The Los Angeles Fire Department is slowly rebuilding after firefighter ranks were thinned in 2011 amid an economic downturn, with the latest effort expected to return fire engine companies to four stations, including two in the San Fernando Valley.
A $15.5 million grant awarded this month by the Federal Emergency Management Agency, known as Staffing for Adequate Fire and Emergency Response Grants, will allow the department to add staffing for fire engines at the stations, which lost companies six years ago through budget cuts, department officials said.
The federal funding program is meant to help local fire agencies better meet national standards for firefighting.
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The two Valley postings receiving the funds are Station 75 in Mission Hills and Station 73 in Reseda, and the others are in Echo Park and Lincoln Heights. Each station will be able to staff a four-person fire engine per shift, through the grant.
The Mission Hills and Reseda stations were picked for the grant because they are the busiest in the Valley out of those that had lost an engine during the budget cuts, according to LAFD spokesman Peter Sanders.
The money will go toward getting 48 new firefighters trained by next summer, which in turn will allow the city to free up other staff to operate fire engines at the four stations, Sanders said.
Fire Chief Ralph Terrazas said, in an interview, that the fire engine companies will be able to respond to both structure fires and medical emergencies, which make up roughly 80 percent of the calls handled by the fire department.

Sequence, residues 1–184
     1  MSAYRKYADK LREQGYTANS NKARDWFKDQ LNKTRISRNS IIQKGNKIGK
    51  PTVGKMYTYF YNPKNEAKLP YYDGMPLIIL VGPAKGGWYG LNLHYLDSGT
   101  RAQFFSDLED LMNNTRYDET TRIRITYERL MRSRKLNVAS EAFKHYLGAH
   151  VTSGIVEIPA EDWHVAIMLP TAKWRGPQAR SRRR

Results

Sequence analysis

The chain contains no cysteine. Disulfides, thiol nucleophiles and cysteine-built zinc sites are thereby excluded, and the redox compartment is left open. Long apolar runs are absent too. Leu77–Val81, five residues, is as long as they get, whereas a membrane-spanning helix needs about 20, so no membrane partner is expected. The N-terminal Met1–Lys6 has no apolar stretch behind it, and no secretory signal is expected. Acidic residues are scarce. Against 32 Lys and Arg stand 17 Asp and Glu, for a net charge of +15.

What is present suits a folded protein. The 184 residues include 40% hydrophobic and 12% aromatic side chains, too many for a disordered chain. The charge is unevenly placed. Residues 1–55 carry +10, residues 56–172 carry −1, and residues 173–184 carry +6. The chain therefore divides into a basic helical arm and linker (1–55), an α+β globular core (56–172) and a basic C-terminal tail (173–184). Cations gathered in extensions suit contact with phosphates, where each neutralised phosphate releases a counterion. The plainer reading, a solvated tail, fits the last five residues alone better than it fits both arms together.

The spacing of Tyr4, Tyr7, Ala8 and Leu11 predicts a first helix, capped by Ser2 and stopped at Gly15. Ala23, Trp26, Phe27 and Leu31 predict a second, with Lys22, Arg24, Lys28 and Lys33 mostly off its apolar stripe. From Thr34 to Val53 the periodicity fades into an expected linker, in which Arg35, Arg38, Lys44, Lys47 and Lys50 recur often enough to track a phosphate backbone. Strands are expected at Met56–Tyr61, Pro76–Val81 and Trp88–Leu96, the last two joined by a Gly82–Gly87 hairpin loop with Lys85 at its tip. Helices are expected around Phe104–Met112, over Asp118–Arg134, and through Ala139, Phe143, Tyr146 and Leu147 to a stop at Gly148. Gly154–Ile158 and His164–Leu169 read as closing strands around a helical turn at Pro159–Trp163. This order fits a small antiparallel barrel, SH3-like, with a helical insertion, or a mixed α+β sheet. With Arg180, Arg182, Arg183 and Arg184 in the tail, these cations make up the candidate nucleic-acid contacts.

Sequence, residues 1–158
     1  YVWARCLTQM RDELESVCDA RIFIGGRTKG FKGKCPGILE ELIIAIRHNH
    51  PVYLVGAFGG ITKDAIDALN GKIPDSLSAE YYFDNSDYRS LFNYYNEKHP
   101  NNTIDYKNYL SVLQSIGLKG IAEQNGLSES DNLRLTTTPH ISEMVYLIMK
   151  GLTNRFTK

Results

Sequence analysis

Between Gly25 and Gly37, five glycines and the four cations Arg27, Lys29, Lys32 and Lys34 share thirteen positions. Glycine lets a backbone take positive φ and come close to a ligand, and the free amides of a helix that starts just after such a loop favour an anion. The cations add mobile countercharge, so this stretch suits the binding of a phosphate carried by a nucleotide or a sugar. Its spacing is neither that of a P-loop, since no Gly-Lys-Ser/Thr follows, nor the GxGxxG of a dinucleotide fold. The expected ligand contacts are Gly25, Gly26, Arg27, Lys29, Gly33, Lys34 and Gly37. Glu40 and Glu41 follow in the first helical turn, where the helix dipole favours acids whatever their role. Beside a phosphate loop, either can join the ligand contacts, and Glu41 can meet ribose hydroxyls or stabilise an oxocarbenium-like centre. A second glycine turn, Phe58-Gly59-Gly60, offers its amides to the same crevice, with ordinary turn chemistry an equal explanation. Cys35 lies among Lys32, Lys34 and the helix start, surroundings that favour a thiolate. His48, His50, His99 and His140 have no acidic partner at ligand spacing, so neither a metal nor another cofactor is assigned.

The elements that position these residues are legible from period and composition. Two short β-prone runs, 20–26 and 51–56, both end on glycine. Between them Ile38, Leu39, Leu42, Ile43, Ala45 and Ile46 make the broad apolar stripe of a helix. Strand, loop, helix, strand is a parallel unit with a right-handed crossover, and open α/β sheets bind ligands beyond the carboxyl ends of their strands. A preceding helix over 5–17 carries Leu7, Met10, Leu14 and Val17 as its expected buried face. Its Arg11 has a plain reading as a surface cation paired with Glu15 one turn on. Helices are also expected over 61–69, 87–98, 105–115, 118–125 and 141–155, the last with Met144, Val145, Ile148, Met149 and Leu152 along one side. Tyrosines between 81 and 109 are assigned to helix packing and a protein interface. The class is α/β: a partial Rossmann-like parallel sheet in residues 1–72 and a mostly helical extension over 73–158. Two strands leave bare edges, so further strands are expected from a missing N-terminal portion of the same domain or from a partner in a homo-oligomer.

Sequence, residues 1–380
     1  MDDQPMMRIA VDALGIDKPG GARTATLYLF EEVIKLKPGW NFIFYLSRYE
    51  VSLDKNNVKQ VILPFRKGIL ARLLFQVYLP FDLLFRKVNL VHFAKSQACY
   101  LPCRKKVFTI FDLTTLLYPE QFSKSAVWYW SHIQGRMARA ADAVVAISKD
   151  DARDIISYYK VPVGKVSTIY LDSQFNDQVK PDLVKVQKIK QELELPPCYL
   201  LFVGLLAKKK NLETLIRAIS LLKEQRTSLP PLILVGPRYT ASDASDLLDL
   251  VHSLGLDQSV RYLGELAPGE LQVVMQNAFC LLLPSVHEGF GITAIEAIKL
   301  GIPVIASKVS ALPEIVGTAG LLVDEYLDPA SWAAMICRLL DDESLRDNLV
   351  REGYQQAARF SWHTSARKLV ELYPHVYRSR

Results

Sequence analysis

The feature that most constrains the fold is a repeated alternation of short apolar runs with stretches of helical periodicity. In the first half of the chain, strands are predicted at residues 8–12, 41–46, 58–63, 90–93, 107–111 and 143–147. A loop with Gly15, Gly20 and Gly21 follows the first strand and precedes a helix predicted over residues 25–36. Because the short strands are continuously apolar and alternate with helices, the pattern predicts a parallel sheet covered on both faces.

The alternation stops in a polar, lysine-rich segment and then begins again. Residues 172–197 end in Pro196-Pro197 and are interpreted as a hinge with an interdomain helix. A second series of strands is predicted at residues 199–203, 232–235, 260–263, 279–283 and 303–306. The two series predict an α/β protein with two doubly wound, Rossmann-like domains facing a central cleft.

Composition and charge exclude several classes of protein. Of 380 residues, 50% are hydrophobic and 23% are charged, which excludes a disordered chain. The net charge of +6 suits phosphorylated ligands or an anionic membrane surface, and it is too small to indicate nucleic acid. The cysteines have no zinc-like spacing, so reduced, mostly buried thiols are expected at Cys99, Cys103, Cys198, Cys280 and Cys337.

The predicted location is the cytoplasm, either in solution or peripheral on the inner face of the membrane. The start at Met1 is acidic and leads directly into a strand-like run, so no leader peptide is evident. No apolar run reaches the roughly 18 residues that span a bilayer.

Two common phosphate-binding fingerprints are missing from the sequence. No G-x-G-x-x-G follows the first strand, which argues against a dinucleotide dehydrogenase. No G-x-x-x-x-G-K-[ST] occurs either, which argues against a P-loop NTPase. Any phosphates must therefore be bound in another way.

“It is a big deal for the Los Angeles Fire Department, and it’s significant for the local communities” where the engine companies have been assigned, Terrazas said.
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The department has been working to reopen the 17 fire companies that were closed in 2011, he said, and prior to the grant, the department had restored four companies using city funds, he explained. Those previously restored companies were at stations in Woodland Hills, Pacific Palisades, Hollywood and Skid Row, he said.
City leaders this year were hoping to restore two fire engine companies, but the grant funding for the four engines, for the next three years, will be replacing that, Terrazas said.
He said he was unsure where the city funds now budgeted for the two engines will be used instead. But he will “advocate for another fire department need.”
There are “still a lot of unknowns,” and what happens to those funds is contingent on “the city deficit at the time,” he said.
“I think everybody would like to have more resources, not only the fire department — including the police department, park and recs and others,” he said. “We are very grateful that we are able to provide these resources through a grant, and it’s new resources that … the vast majority (of which) are paid for by the federal government.”
Terrazas said the department had been trying for the grant for years, and what the department got was “the largest” of “any city in the country” so far.
The grant award was welcome news for Fire Captain Mark Schroeder of the Mission Hills station, which is expected to see its per-shift staffing of six firefighters go up to about 10.
Schroeder said the grant will improve response times and make firefighters’ jobs safer. Their station is kept busy by car accident emergencies due to its proximity to several freeways, and they provide support to brush fires, he said.
“Another engine with water pumping capability is a definite bonus for this area,” Schroeder said.
The Reseda station so far this year has responded to 2,370 medical emergency calls, and 18 structure fires, while the Mission Hills station responded to 1,865 emergency medical service calls and 11 structure fires, during the same period, according to data provided on the Los Angeles Fire Department website.